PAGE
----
For the first time, I had to use my “teacher voice” on The Electrician this week. This is the voice that strikes terror into the heart of teenagers, the voice that means, don’t you mess with me, kid. It’s a tone I reserve for the most serious situations, and unfortunately, The Electrician was directly in the line of fire on Wednesday. People who have experienced my “teacher voice” are struck by its difference from my normal voice, which is a blend of cartoon character and stripy forest chipmunk; I gets people’s attention and generally secures their compliance.
On our unplanned trip to Kamloops, The Electrician and I stayed at Sun Peaks, which turned out to be a stunning mistake. We stayed in a very swanky hotel in a valley formed by several lushly forested mountains that operates as a ski resort in the winter. It was not what I expected, considering that Kamloops itself is rather dry and scrubby, and the hills are like something out of a dessert movie. Cue the tumbleweed style.
In the summer, one of the ski lifts runs people who want to hike to a high point on a beautiful mountain. It also hauls crazy, muddy people, and their crazy, muddy bicycles up, since much of the mountain is groomed as a downhill biking course with dozens of runs in the summer. The Electrician and I decided to go for a hike on the mountain, and the views were utterly spectacular and punctuated by wildflowers.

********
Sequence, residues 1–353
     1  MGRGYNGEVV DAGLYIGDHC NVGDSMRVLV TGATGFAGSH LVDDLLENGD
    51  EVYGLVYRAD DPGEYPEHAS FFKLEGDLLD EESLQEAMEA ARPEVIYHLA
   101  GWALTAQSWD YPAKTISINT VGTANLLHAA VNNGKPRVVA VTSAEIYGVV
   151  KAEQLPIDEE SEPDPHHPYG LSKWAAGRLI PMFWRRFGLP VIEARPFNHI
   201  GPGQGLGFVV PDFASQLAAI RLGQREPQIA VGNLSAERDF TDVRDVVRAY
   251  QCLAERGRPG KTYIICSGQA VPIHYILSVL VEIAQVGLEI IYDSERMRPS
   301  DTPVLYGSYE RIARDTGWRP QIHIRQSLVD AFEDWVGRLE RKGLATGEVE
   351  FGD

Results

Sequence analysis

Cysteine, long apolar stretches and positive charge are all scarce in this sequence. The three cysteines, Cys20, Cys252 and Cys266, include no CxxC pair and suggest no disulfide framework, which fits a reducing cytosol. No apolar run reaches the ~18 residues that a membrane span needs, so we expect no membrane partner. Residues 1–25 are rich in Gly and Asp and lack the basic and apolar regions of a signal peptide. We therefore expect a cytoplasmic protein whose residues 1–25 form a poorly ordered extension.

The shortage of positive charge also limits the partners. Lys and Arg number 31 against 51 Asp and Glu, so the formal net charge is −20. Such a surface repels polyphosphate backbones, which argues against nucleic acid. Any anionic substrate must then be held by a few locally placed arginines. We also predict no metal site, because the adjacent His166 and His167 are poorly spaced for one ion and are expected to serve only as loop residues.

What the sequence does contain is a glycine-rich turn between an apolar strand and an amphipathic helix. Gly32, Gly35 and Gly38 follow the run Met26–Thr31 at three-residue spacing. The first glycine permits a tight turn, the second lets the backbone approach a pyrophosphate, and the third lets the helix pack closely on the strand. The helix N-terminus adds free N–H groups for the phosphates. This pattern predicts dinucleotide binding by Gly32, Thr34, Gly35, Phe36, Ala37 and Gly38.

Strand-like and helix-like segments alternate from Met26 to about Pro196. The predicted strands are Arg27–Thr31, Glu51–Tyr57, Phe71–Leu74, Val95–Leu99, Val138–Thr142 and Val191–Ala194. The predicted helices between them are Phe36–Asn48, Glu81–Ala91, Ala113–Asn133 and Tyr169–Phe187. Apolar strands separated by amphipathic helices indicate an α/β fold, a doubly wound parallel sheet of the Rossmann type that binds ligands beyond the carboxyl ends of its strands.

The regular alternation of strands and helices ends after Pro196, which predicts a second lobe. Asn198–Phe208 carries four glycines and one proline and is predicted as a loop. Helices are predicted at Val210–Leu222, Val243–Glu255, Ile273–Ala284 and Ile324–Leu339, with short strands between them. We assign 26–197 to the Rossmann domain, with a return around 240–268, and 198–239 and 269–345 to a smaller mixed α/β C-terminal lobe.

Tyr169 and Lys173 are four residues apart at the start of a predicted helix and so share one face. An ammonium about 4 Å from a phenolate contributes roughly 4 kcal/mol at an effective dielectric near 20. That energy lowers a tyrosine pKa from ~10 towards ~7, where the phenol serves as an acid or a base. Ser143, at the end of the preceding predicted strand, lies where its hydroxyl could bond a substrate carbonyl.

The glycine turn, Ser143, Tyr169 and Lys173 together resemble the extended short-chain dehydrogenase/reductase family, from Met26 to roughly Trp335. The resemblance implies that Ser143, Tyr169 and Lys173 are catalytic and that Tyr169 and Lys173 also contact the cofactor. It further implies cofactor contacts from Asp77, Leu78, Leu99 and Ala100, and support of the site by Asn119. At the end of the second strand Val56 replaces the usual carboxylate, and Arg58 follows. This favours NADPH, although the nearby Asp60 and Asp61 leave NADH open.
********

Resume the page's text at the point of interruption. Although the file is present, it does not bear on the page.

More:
The “teacher voice” came out rather unexpectedly while The Electrician and I were walking a trail along the top of a plushy mountain meadow. Our goal was a carved bench next to a sign that waited to educate us about the valley. A cool breeze swept down from the mountain top, and The Electrician and I strolled happily, my little hand in his big hand with the half-missing thumbnail. It was idyllic. It was romantic.
Suddenly, I spotted a hulking form less than 50 metres from us. A big black bear was rooting for something yummy under a rock, her shaggy hair flowing in the wind and glossy in the sun. For a moment, I was jealous that her coiffure was so gorgeous in the mountain wind while mine grew more frizzy and tangled by the minute. The Electrician still hadn’t spotted her when I realized a black bear within sneaker throwing distance might be hazardous to our health.
“Electrician, come!” I directed, in fifth gear teacher voice, tugging his hand in the opposite direction. He stopped, and I couldn’t tell if he was startled by suddenly seeing the bear himself or if he was startled by my teacher voice. I think it was option two, because I had never, ever used that voice on him before. Either way, we strolled back in the direction of our arrival, trying to remain calm. I hoped my armpits didn’t smell delicious to a black bear, because I was sweaty from the hike and I sure her nostrils caught me.
The Electrician understands, I think, why kids listen to me at school even though so many are much bigger and scarier than me. I’ve promised to save my “teacher voice” for only the direst of scenarios so I don’t scare him again.
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